Thursday, May 8, 2014
One of the best things about having so many breweries in the market today is that it's forced brewers to really think outside of the box. Few beer drinkers today are going to saunter up to the bar at your new brewery and go straight for a beer called "Standard Blonde Ale." They're going to walk in, check out what's different on your beer list and try that. And if your offerings look bland (especially here in San Diego), they're probably going to walk 30 feet down the street to the next brewery. To combat this, there's been an influx of what I like to call "WTF is THAT style?" beers. Many styles that were near extinction have been dredged up and brought back to life, often with a modern twist. This can definitely be said for the Gose style.
A gose is a German style of beer that's pretty similar to a Berliner Weisse. There is, however, one very major addition- salt. A gose is a tart wheat ale brewed with coriander and (strange as it may sound) salt. When done right, this style can be insanely refreshing and it's low ABV makes it a perfect hot weather beer that you can crush like nobody's business.
The most prominent American example of a Gose is made by a brewery in South Carolina called Westbrook Brewing Company. If that name sounds familiar, it's likely because you've seen it on Evil Twin's bottles. They rent out a ton of their brewing space (80% by Evil Twin's founder, Jeppe Jarnit-Bjergsø's, estimate) for Evil Twin's use. But what Westbrook does with their own space has been quietly gaining steam, led by their Gose. While I'm still on the hunt for their standard Gose, I was able to come across a version of it brewed with an East Asian fruit called Yuzu. Let's check it out.
Gozu pours a hazed and dull-looking apricot color with a half-finger white head that disappears pretty quickly. I wouldn't exactly call the appearance overwhelming, but luckily the smell more than made up for it. Gozu is definitely one of the craziest smelling beers I've ever come across. Right away, you get blasted in the face by a huge amount of citrus and salt. There's a ton of sweet lemons, salt, limestone, margarita mix, lime syrup and umami. Some of those things might sound a little strange. They're not. Everything in here works together really well. This beer smells incredible.
The initial taste you get with this beer is like licking a Meyer lemon that's been dipped in salt. Cocktail sauce, light crackery malt, citrus peel, tangerine and some sour pink grapefruit all show up in the middle. The finish gives you the barest touch of wheat and finishes with a lingering lemony saltiness. I've had a decent amount of beers in the Gose style, but none of them pulled it off quite like this. It would be very, very dangerous for my bank account if this was distributed here. It's so good. Easily one of the best beers I've tasted all year. Amazing work, Westbrook.
Final Grade: A+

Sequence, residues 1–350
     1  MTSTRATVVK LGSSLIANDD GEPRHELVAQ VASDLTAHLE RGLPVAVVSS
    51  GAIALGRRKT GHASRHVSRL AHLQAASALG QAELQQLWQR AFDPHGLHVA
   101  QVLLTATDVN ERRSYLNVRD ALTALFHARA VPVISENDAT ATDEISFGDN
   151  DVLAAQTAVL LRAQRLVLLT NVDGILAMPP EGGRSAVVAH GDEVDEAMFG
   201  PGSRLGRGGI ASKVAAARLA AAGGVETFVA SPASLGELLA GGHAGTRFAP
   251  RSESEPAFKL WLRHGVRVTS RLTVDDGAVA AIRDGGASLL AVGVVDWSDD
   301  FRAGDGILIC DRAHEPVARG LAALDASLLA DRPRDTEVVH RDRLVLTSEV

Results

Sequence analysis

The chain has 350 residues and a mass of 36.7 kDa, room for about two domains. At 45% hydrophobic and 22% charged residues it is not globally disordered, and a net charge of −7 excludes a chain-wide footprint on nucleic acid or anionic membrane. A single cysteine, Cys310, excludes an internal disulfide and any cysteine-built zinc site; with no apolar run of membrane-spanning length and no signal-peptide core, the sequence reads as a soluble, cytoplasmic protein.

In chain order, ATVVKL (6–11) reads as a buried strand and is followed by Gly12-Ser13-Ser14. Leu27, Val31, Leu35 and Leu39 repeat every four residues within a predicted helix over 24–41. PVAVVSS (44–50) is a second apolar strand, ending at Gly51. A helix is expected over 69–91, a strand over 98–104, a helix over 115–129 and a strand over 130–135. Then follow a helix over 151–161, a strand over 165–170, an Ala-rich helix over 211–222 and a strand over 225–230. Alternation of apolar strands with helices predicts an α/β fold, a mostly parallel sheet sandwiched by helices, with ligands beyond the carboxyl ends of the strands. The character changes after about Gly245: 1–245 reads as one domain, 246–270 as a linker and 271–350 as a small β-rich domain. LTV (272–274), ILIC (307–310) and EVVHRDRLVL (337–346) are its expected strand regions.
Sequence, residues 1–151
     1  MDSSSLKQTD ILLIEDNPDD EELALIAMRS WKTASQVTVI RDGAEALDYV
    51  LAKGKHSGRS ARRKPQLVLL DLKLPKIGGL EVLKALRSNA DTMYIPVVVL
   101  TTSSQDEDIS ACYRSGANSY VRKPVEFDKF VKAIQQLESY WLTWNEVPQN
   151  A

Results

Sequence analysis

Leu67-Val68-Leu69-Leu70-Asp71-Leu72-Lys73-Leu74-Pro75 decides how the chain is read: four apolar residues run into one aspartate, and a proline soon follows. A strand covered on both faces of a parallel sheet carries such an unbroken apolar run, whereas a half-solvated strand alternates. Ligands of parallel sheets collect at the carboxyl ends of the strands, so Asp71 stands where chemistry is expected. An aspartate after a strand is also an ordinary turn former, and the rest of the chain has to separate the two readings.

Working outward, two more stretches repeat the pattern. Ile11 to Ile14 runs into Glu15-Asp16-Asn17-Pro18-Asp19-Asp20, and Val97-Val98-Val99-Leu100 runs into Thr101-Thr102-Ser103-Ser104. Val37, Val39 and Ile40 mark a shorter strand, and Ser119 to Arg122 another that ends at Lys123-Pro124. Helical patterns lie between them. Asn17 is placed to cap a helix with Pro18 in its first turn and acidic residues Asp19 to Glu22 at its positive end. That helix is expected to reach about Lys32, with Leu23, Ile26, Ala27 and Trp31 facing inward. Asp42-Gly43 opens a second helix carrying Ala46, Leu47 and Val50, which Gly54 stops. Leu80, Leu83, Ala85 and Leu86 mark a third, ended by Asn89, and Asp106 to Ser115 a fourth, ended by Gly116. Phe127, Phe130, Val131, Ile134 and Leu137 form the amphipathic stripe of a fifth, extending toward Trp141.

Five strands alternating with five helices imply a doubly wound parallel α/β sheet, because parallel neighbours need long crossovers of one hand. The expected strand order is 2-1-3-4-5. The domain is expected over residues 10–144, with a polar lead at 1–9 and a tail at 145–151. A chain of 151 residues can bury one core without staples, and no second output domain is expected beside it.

Top 250 Beers Tasted: 132
Thursday, May 1, 2014
Let's say there's this beer you really want to try. It's from a brewer you love, it's brewed with one of your favorite fruits, it has a sweet looking label. You're in. Only you can't find it anywhere and everytime someone you follow on social media tries it, they're hashtagging #whalezbro. So what are your chances of of ever trying that beer? Unless you're an avid trader or live right next to the brewery, your chances are probably not too great.
This is how it went for me with Logsdon's Peche 'n Brett for a few years. It was released in 2012 and bottled again in early 2013. But I never saw a bottle, never heard of anyone in San Diego finding a bottle, and on the rare occasion I did see it on untappd... you guessed it: #whalezbro. Then, by sheer chance, a shop nearby got it in and I was able to snag one in time. Sometimes you just get lucky. At #133, Peche 'n Brett.
Peche 'n Brett pours a hazed apricot color with a tightly carbonated two finger bone white head. I've had issues with Logsdon beers practically exploding out of the bottles in the past, but this one seemed pretty tame, which was nice. I didn't want any of this one to go to waste. When you smell the beer, the first thing you pick up is peach. But it's not the sweet peach puree-like smell I was expecting. It's a tart, underripe white peach aroma blanketed by a dusty layer of barnyard funk. Hints of sweetness creep into the smell periodically, but the brett in here really keeps everything in check. Deeper in, you get some great spicy oak notes. This beer smells incredible.
The beer opens on the tart side, with some peach and peach skin coming through first alongside a trace of underripe raspberry. A huge wave of barnyard funk follows, leaving a dry and tannic feel on the tongue. Soft oak notes, brett, peach pit and chalky malt all take their turns peeking out from under the blanket of funk. Everything in here just works. Each element works together seamlessly and the peaches really take this beer to another level while never becoming overly sweet and beer-soda like. The mouthfeel is medium and just a touch creamy, with the slightest hint of warmth on the swallow the only trace of the 10% ABV. This beer is really incredible. Definitely worth hunting down.
Final Grade: A
Top 250 Beers Tasted: 134